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Longest race of my life: nine weeks to Ironman; no excuses

VANDENBERG AIR FORCE BASE, Calif. --

If you read my last post, then you would know that in nine weeks from this Sunday I will be competing in the Ironman 70.3 Superfrog. Preparing for this competition has required me train my physical and mental endurance. Of the two, mental toughness had been a weakness of mine in the past.

I remember the first time I ran a mile and a half for time. I was at the track with “natural runners”; who were tracking times at nine minutes effortlessly. My all-out sprint was three minutes slower than their effortless times.

The problem wasn’t that I was slow. The problem was that instead of acknowledging the work I would need to put in to keep up, I labeled them. By labeling them as natural runners, I created an excuse for why they were better and deflected self-reflection.

This habit of labeling people was in every area of my life. In school my classmates were labeled as “inclined toward math”, at work my coworkers were labeled as “growing up with better circumstances”, or any label that placed my life conditions below someone else’s. It allowed me to put minimal work in without feeling like a loser.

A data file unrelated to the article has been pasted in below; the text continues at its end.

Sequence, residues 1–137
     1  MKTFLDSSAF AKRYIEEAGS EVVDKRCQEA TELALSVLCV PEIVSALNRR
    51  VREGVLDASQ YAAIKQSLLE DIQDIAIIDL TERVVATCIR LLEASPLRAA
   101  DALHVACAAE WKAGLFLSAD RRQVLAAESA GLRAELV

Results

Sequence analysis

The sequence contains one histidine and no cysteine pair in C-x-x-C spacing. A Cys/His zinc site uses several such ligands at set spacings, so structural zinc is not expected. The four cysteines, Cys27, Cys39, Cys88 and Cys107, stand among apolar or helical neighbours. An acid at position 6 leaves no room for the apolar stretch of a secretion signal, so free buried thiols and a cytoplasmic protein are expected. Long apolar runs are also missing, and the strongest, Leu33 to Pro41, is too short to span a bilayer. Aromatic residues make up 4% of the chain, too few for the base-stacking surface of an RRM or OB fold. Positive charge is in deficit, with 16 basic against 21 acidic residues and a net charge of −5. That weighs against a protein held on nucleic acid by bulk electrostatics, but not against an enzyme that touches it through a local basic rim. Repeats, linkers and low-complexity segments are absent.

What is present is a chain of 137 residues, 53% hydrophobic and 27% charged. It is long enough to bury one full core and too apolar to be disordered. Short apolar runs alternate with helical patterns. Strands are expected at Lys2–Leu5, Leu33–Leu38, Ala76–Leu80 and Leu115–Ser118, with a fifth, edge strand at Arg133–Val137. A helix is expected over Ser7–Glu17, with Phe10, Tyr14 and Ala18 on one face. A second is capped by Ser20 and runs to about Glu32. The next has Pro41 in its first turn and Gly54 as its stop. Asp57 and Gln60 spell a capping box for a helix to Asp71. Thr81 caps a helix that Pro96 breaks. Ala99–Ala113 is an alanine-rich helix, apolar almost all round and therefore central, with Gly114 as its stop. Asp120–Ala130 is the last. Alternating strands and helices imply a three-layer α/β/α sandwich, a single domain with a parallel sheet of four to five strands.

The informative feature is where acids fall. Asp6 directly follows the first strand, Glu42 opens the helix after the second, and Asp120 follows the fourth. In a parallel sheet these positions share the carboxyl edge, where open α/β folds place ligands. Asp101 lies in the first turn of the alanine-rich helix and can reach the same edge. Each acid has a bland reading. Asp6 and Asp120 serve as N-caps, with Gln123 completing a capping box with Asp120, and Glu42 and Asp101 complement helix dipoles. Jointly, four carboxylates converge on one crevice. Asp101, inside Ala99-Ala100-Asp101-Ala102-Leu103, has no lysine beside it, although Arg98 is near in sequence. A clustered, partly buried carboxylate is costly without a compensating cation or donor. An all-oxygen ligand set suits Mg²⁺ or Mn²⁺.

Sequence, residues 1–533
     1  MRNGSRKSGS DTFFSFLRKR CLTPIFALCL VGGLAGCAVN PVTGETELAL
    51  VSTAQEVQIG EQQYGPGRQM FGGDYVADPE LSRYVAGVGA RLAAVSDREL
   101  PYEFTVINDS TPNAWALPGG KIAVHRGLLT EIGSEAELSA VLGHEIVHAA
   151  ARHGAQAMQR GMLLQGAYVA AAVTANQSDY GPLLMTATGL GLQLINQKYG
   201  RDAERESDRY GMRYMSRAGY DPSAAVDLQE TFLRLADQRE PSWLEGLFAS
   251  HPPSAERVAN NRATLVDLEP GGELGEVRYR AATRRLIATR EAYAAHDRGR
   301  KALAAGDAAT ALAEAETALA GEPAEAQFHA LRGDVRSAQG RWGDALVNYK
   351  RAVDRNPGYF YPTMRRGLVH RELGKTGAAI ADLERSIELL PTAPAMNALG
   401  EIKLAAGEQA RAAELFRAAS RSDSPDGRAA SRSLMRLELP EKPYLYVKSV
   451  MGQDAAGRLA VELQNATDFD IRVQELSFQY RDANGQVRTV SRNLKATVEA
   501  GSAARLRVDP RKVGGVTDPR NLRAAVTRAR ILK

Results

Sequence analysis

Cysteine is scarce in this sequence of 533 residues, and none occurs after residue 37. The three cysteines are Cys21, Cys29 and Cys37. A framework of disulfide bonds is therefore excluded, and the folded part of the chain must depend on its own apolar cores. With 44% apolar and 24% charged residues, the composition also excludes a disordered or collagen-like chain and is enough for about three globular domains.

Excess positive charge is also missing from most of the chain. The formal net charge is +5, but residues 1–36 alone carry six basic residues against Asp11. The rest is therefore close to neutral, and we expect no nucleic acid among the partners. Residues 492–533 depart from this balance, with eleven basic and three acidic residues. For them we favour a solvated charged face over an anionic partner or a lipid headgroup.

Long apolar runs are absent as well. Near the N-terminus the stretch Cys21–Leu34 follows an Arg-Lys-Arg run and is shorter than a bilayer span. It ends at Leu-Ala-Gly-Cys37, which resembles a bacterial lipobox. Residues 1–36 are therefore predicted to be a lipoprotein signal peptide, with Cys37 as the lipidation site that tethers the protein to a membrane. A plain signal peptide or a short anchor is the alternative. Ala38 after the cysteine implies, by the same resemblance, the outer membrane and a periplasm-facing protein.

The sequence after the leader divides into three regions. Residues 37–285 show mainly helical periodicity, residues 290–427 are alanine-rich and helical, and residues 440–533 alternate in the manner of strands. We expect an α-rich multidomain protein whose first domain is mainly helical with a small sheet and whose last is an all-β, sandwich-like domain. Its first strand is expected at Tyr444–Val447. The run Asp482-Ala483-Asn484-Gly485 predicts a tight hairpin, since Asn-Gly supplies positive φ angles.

I was tired of being a loser. That wasn't the life I wanted for myself. I wanted real, quantifiable progression, not low standards. Over the last year I have been using different opportunities to adopt better habits; joining the Air Force being one of them and now this race.

When I first started training, my mile pace was nine minutes per mile. Initially, I was so embarrassed by my pace that it discouraged me from running every day. It was easier to avoid running than to admit I sucked at it and needed a lot of work. One steady motivation to push past my excuses was the accountability my mom provided.

My mom constantly reminded me to run the miles, even if they were slow. She called me weekly to ask how I was preparing for the long-runs each weekend. I promise you, I made more excuses those initial weeks than I ever had in the past but I still did the miles.

The more I ran, the more I realize how invalid the excuses I was making were. I don’t believe there is such a thing as a natural runner. I can now run a pace faster than my initial mile and a half for 10 miles.

All excuses are invalid, I believe in hard work.

 

Editor’s note: This is an on-going 10 week series. You can visit www.vandenberg.af.mil and the 30th Space Wing Facebook page every Friday for a new feature.